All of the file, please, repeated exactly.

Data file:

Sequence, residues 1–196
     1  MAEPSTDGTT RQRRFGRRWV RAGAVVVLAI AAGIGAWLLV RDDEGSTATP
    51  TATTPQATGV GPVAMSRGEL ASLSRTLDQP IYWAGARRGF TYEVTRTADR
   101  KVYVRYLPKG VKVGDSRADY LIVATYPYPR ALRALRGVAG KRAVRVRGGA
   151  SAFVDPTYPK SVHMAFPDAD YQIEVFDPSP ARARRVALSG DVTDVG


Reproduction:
Sequence, residues 1–196
     1  MAEPSTDGTT RQRRFGRRWV RAGAVVVLAI AAGIGAWLLV RDDEGSTATP
    51  TATTPQATGV GPVAMSRGEL ASLSRTLDQP IYWAGARRGF TYEVTRTADR
   101  KVYVRYLPKG VKVGDSRADY LIVATYPYPR ALRALRGVAG KRAVRVRGGA
   151  SAFVDPTYPK SVHMAFPDAD YQIEVFDPSP ARARRVALSG DVTDVG